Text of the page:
A unique stylist and one of the most innovative and talented writers of his generation, Stephen Crane (1871–1900) won lasting fame as a novelist (The Red Badge of Courage, Maggie: A Girl of the Streets) and short story writer. Described by William Dean Howells as a writer whose genius seemed to "spring to life fully armed," Crane also produced impressive free-form verse.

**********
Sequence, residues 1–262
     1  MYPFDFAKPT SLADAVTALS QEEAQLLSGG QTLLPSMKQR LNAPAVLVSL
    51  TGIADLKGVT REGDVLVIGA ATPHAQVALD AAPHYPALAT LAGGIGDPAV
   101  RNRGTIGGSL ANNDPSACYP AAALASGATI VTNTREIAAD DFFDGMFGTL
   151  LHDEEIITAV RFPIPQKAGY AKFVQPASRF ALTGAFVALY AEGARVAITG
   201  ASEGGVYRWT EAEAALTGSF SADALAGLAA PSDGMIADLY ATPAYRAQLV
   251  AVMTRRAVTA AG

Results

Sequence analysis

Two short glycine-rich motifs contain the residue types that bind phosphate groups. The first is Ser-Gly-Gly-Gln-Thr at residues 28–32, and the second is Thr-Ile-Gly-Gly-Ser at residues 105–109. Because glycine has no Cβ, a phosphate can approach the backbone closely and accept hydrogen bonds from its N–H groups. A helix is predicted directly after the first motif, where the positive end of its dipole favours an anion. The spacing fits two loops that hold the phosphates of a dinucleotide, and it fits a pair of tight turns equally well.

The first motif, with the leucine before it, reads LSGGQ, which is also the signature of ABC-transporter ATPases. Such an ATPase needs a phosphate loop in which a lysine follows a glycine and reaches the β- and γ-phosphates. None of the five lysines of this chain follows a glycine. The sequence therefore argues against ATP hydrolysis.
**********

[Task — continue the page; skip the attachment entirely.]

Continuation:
This excellent anthology contains nearly all of Crane's verse, including two complete books of poems: The Black Riders and Other Lines, which garnered immediate praise; and War Is Kind, ablaze with vivid imagery. Here, too, are rewarding selections from his uncollected poetic works. Thought by some critics to anticipate the Imagist movement of the twentieth century, Crane's poems are usually brief, cadenced, and rhymeless, rich in drama and symbolism, and spiritually penetrating.